For anyone that’s had to experience it for an extended period, unemployment is like watching a horror film play out in real time.

Except you’re the main character and, instead of a villain in a hockey mask, the terrifying conclusion keeps getting delayed until the next paycheck finally arrives.

Throw in a baby on the way, and the stress might forge a psychological crater that few could escape. It’s unconscionable, really, to expect anything less short of a breakdown.

However, director Kasra Farahani doesn’t let that presumption suffocate his second feature film, Tilt, which was one of six films to premiere in the Midnight category at the Tribeca Film Festival last month.

Farahani, an industrial designer turned film designer, was born in Iran and raised in Los Angeles, and uses that blended identity to his advantage in creating Tilt’s main character, Joe, a struggling documentarian who spends his days cutting together clips of America’s “Golden Age” while imposing his own smug voice over narration.

The project — like his previous one about a pinball wizard that made a meager $15,000  — isn’t going anywhere.

And neither is Joe’s marriage to Joanne (played with wonderful constraint by Alexia Rasmussen). She’s the family’s breadwinner — and she’s pregnant.

Rather than spend his days applying to jobs to help carry the burden, Joe (Joseph Cross) logs time fulfilling fraudulent domestic duties, going on hiking trips, and inputting the same foreign name into Google until the search engine finally gives him a result about halfway through the film.

In other words, he’s a pretender.

Just like Patrick Bateman before him and Jack Torrance before that, there’s nothing in Joe’s brain that will set him apart from his contemporaries — only paranoia.

No matter how much time he spends in front of his TV ranting at Donald Trump, the struggling filmmaker can’t seem to grasp that he’s part of the problem.

And, for all the time spent patronizing others, Joe inevitably falls into the trap of taking out his aggression onto others. What did you think he was going to hurt himself? C’mon now.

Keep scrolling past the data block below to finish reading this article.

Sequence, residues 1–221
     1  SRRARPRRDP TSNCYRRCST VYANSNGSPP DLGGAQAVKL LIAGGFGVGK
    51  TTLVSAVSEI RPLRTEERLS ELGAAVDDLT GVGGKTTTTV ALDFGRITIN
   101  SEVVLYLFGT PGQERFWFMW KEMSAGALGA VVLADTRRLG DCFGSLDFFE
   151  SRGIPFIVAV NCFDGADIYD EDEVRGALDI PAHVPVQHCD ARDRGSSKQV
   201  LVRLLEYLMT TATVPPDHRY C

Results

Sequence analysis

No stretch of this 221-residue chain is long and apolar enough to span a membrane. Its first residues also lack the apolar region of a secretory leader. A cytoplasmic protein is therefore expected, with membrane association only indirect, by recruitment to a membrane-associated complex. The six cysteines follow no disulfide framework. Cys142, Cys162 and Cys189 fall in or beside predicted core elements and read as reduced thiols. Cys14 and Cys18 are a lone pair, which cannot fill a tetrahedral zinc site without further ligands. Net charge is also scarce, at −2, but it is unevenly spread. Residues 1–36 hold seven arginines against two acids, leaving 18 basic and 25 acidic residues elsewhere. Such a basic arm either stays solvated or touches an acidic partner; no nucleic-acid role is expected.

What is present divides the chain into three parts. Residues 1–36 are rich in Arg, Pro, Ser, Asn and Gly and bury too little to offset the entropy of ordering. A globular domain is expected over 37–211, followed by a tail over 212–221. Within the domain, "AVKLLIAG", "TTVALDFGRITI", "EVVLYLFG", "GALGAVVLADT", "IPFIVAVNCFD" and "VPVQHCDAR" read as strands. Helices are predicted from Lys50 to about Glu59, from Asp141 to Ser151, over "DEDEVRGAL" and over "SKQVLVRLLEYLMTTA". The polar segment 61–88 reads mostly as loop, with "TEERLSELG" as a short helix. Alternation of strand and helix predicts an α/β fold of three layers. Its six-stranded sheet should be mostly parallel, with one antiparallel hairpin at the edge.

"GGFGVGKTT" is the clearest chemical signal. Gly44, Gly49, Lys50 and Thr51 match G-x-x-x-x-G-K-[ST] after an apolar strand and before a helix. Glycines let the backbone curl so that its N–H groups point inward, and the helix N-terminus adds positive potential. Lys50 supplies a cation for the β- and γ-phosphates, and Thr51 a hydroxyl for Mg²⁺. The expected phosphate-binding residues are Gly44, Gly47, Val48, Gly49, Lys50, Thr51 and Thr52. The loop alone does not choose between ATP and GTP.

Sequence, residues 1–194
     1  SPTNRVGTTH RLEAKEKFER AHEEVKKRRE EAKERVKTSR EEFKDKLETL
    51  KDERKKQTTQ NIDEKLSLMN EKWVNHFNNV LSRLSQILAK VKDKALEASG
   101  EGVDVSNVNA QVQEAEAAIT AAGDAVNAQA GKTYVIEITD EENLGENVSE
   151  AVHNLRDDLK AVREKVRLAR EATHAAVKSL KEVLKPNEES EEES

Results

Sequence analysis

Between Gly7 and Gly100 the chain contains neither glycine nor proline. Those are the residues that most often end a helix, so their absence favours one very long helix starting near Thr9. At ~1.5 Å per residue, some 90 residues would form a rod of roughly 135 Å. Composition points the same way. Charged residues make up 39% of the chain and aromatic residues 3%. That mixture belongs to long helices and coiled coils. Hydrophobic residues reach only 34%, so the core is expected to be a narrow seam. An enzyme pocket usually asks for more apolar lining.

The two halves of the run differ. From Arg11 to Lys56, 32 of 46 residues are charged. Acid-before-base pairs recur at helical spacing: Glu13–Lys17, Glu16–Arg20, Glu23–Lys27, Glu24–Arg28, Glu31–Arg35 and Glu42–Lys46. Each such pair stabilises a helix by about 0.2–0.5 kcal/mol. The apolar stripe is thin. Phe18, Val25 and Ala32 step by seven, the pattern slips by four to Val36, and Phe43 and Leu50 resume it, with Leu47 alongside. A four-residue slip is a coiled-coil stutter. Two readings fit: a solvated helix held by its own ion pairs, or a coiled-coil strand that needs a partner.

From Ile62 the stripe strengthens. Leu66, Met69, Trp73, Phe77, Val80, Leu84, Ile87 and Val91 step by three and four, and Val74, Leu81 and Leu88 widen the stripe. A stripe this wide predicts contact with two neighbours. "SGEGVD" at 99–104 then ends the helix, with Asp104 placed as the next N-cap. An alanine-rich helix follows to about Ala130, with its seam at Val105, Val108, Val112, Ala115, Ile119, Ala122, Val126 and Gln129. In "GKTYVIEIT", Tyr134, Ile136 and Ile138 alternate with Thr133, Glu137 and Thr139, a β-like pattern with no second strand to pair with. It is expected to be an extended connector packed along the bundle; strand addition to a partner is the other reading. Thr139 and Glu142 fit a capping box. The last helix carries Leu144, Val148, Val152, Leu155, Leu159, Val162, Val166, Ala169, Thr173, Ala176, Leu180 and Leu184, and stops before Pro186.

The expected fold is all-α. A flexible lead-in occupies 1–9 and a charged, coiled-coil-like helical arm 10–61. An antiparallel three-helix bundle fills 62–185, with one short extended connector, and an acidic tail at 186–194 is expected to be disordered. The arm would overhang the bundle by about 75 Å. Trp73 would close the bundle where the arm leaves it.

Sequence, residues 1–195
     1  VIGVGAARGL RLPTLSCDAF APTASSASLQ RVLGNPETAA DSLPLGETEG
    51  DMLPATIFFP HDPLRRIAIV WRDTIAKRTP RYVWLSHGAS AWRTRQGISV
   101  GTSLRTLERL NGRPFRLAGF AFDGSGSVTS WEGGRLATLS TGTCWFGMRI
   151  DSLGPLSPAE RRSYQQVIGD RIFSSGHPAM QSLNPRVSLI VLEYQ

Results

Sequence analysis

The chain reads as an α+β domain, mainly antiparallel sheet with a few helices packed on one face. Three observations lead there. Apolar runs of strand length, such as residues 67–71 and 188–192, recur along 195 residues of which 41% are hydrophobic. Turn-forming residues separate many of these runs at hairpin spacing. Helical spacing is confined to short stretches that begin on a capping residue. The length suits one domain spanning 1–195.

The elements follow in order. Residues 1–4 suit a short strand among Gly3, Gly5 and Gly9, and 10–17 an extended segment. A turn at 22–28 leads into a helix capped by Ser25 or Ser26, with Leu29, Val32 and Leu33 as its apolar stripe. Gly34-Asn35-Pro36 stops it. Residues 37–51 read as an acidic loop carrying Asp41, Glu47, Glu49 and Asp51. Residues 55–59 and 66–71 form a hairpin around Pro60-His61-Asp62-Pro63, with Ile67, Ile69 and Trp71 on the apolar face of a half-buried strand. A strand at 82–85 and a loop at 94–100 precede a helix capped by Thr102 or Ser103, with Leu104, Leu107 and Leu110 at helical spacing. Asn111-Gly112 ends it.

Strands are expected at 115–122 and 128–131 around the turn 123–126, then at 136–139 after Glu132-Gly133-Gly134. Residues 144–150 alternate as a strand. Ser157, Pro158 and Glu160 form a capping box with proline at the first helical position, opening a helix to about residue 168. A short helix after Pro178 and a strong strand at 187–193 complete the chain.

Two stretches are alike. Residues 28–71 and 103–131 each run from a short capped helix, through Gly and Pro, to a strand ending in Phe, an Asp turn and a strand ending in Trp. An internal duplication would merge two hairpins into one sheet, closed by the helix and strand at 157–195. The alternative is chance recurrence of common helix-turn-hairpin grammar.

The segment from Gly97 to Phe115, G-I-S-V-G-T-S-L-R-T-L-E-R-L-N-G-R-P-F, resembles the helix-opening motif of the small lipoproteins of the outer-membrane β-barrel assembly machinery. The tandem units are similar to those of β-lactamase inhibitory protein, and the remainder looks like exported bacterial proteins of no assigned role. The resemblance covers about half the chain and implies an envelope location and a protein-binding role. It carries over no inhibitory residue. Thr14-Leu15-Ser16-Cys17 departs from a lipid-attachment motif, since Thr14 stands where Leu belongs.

If you thought your relatives who watch politics on TV into the wee hours of the night were wasting their time, then just wait until you see Joe trampling around LA in the early mornings.

He’s as productive then as he is during the day.

And soon enough, time proves to be insignificant: It doesn’t matter when his documentary will be finished or when Joanne will give birth.

And why would it? It’s all about Joe, and his obsessions.

Cross gives one of the best performances at the festival, gradually exposing us to the danger fermenting inside the film’s antagonist. He’s not quite as lethal as someone like Walter White — he’s not smart enough, but there is trouble that stems from his every move.

Credit to Farahani, who paints us a mundane picture in the film’s first twenty minutes only to submerge it completely under an ocean of dread that eventually builds into a tsunami. It’s a climax that shouldn’t be missed.

And while the mood never totally shifts — once the baby is mentioned early on, the audience can sense things are headed downhill — Tilt does just what the title says: It flips our preconceptions on white male rage and entitlement.

There’s nowhere to hide it in Trump’s America.